Who could know that, behind the euphoria of that brilliant Tripolin third, lurked tragedy. During practice birkin dropped his cigarette lighter in the cockpit, and in reaching for it he burned his arm on the hot exhaust pipe. A malaria sufferer since the Great War,he was already in a poor state of health and that burn, allied with mosquito bites, put him into hospital with septicaemia six days later. Five weeks after that, shatteringly, Tim Birkin was dead, and Britain lost one of the finest and most colourful drivers.

Maserati 3002 was raced no more that year, but in 1934 it was purchased by Noel Rees, a prosperous building contractor, for the Hon. Brian Lewis to drive, He ran it at the International Trophy at Brooklands, coming up against Whitney Straight in the newest 2.9-litre single-seater Maserati equipped with a Wilson preselector gearbox. After an epic struggle, Lewis came within a whisker of victory, for Straight won from the older car by just 4secs, with one of his tyres right down to the white breaker strip. One more lap and 3002 could well have won, but at least she shared the fastest lap with her more modern rival at 55.13mph. In the British Empire Trophy at the same track the car misbehaved, a broken connecting rod putting Lewis out when holding third place on lap 63. In 1935 another Tim, stockbroker T.E. Rose-Richard, acquired the car, but his tenure was brief and his ride even briefer, his only race with 3002 being the Mannin Moar at Douglas, Isle of Man, where he covered less than a lap before the universal joint broke.

By then so overwhelming was design progress with the comimg of the German teams, that the car which led the Tripoli GP two seasons ago was now 'second division', contesting secondary races only. Lord 'Freddy' de Clifford drove it in the Dieppe GP to a steady ninth place amidst a welter if single-seaters. Next, Austin Dobson, elder brother of Arthur and a man who liked GP cars, bought the 'Maser'. In the 1935 Pheonix Park race he came within 0.4mph of setting the first 100mph lap at the Dublin circuit, but a broken oil pump was his sole reward. In the 1936 International Trophy he again retired, and it was all too obvious that the new generation ERAs with half the engine capacity were faster than the great old car.

But another Dobson brother, E.W.H., drove 3002 twice at Brooklands in 1937, picking up a third place in a Mountain event, after which the Birkin Maserati entered a long spell of retirement. She languished unexercised for long months at Thompson & Taylors down at Brooklands, while during the War R.F. Oats took her to safety in Cornwall. Not until the return of peace did the grand old lady return to the circuits, but not, alas, to Brooklands, which was a lamented war casualty. Yet it was the former Brooklands driver, Dudley Froy, who gave 3002 her first stretch in nine years at the VSCC's Elstree speed trials at Easter, 1946. Incorrectly he was awarded first place in the over 3-litre class until it was realised that 2992cc put him in the 2 to 3-litre category and demoted him to third place.

At that time the car was in the hands of John Wyer, then of Ace Motors and subsequently of Le Mans fame, but shortly afterwards a long-term admirer of the Maserati, T.A.S.O. Mathieson, acquired the car and had it prepared by Wyer for some Continental racing. In the anarchy of early post-war 'Grand Prix' racing, a 14-year-old supercharged Maserati was no more anachronistic than superannuated voiturettes and stripped sports models, and 3002 had a new lease of life. As the very first Briton to race abroad, 'Taso' was warmly welcomed at the Bois du Boulogne race in May 1946, where he worked the 'Maser' up to fourth position, only to drop out after 22 laps. In the GP of St Cloud he came fifth behind three modern 1½-litre Maseratis and a 4½-litre single-seater Talbot. At Perpignan in a very hot GP du Rousillon down in the Pyrenees, he was sixth despite several pit stops, preceded by a 3-litre GP Alfa, two 1.5-litre Maseratis and a contemporary Bugatti.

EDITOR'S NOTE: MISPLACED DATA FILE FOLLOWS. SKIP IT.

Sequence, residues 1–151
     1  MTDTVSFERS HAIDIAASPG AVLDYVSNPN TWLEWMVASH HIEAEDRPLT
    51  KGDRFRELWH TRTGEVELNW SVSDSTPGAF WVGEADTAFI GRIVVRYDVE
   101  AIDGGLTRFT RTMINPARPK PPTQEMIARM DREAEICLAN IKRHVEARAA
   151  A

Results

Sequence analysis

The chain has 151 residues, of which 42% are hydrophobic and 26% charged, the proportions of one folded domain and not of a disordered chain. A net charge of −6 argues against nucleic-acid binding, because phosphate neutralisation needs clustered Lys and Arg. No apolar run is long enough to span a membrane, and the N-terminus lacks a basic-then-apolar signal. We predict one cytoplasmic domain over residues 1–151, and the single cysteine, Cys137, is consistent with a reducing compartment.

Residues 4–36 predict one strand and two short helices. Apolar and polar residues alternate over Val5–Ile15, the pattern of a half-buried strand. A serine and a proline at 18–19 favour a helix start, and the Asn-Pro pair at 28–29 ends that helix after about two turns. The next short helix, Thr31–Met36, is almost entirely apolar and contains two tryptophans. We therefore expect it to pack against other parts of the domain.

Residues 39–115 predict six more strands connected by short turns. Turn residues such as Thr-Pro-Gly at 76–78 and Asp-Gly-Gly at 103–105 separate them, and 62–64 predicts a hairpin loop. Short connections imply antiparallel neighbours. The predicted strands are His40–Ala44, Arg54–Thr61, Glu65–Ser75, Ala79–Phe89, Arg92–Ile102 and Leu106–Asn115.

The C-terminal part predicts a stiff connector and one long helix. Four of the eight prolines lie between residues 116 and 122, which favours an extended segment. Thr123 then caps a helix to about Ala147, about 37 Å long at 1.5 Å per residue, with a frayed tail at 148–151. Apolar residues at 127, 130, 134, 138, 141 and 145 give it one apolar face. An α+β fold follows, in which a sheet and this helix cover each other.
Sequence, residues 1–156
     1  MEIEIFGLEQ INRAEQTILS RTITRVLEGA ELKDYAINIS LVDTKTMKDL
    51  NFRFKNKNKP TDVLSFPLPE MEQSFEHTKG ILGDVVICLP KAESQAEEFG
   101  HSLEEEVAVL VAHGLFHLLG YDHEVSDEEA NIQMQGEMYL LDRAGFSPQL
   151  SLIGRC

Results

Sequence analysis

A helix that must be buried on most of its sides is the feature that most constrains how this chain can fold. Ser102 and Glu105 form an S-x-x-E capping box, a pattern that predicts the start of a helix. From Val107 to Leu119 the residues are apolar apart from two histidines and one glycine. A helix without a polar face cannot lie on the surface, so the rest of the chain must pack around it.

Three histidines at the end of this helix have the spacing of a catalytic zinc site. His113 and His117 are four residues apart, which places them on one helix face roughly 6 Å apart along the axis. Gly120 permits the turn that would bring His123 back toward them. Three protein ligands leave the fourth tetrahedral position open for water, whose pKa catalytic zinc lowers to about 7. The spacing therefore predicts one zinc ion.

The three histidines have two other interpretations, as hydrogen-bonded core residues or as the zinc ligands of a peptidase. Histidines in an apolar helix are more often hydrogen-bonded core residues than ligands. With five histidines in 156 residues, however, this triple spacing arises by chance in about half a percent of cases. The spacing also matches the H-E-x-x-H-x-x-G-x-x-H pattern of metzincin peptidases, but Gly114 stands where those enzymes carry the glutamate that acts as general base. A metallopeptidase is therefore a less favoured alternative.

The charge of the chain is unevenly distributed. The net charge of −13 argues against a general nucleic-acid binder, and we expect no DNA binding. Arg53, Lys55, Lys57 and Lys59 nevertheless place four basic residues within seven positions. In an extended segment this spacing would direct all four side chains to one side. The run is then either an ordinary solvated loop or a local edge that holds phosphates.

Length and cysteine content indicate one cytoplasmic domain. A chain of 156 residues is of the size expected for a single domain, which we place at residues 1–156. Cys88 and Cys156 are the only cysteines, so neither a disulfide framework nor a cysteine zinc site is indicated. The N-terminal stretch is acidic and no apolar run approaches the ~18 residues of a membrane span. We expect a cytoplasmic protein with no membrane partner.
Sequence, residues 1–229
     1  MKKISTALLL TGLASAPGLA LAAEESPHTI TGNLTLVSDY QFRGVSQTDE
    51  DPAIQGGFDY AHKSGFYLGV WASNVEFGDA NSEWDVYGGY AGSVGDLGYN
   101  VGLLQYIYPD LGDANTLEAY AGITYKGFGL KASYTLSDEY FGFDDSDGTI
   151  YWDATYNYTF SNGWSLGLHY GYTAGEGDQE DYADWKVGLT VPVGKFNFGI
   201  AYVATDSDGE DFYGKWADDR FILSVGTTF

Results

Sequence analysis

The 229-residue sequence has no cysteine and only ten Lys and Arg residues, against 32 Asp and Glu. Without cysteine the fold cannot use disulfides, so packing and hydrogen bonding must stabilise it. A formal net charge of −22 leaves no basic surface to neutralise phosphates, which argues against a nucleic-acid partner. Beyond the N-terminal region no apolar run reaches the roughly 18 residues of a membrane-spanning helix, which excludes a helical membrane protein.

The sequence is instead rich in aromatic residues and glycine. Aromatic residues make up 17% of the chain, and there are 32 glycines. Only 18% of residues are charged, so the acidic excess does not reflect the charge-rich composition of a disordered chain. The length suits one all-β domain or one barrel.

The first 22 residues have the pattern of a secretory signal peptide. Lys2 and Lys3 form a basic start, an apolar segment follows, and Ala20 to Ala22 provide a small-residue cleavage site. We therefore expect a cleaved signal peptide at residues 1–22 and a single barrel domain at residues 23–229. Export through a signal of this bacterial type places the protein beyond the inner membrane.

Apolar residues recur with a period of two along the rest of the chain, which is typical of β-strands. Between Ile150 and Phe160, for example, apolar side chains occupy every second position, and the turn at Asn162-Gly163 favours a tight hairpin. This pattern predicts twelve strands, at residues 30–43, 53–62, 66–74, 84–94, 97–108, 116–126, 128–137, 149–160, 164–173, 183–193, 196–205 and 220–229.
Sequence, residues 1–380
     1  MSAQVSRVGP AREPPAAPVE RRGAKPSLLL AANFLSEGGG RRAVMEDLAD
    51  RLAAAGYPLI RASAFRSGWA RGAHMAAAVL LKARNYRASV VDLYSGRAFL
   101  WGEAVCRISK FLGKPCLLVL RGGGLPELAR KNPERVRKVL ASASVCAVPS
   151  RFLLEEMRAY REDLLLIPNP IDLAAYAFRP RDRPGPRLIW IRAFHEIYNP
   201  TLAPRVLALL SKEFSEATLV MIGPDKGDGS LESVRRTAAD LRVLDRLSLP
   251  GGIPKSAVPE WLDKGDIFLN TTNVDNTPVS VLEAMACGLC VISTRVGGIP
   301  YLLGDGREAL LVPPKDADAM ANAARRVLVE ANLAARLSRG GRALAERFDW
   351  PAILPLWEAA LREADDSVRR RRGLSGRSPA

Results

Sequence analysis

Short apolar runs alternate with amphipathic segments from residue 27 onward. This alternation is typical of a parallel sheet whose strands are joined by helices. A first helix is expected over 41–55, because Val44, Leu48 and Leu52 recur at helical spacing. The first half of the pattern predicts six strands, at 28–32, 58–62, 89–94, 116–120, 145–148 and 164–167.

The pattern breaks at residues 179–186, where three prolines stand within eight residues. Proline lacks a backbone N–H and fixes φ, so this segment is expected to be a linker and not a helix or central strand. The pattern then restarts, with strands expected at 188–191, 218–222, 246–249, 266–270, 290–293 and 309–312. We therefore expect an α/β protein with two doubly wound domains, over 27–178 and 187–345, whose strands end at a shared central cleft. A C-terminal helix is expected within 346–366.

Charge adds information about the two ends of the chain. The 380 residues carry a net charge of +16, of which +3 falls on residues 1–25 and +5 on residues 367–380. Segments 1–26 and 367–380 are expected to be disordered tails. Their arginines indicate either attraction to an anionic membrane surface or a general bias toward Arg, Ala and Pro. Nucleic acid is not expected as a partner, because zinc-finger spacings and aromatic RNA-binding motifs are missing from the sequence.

Conversion to road trim


Cylinder block troubles prevented Mathieson from starting in the Nantes GP, and that concluded his season. 3002 now underwent a somewhat protracted conversion to road trim by the addition of lights, battery and dynamo, a starter motor, a silencer to muffle that lovely eight-cylinder blast, four shapely cycle wings, a second seat where once a 10 gallon oil tank lived next to the driver, and registration plates indicating that 3002 was now also *** ***, able to legally run on the King's highway.

In 1947 'Taso' sold the car, still unfinished, to Mike Oliver of Continental Cars (and later Connaught) of Send, Surrey. Oliver exercised it in the Luton Hoo sprints early in 1948, scoring a modest seventh in class, and not not long after was persuaded to sell it to Squadron Leader John Crampton, DFC, who had fallen for 3002 at first sight. He drove her in a few more 1948 'shorties' such as Prescott and Shelsey, and at Brighton and Goodwood in 1949, after which a complete rebuild at the renowned Phoenix Green Garage at Hartley Wintney was undertaken by Alan Southon. This perforce included the fitting of a removable steering wheel, Crampton being well over 6ft tall.

The rebuild was both extensive and expensive, but what a glorious road car resulted - 120 mph or more, over-80 mph cruising, 12 to 15mpg, prodigious acceleration with circa 200bhp underfoot, equally prodigious deceleration with four 15 inch diameter cable-operated brakes, all the cachet of a real Grand Prix car, and such looks 'as dreams are made on'. . .

A longish sojourn in the 'States followed, but eventually that incurable Maserati addict, Cameron Millar, found 3002 and brought her back to Britain for yet another rebuild, to the intoxicating condition in which she is shown here.

© CLASSIC AND SPORTSCAR.

The beautifully restored engine.

The road legal cockpit.





The beautiful 3002 after its extensive restoration .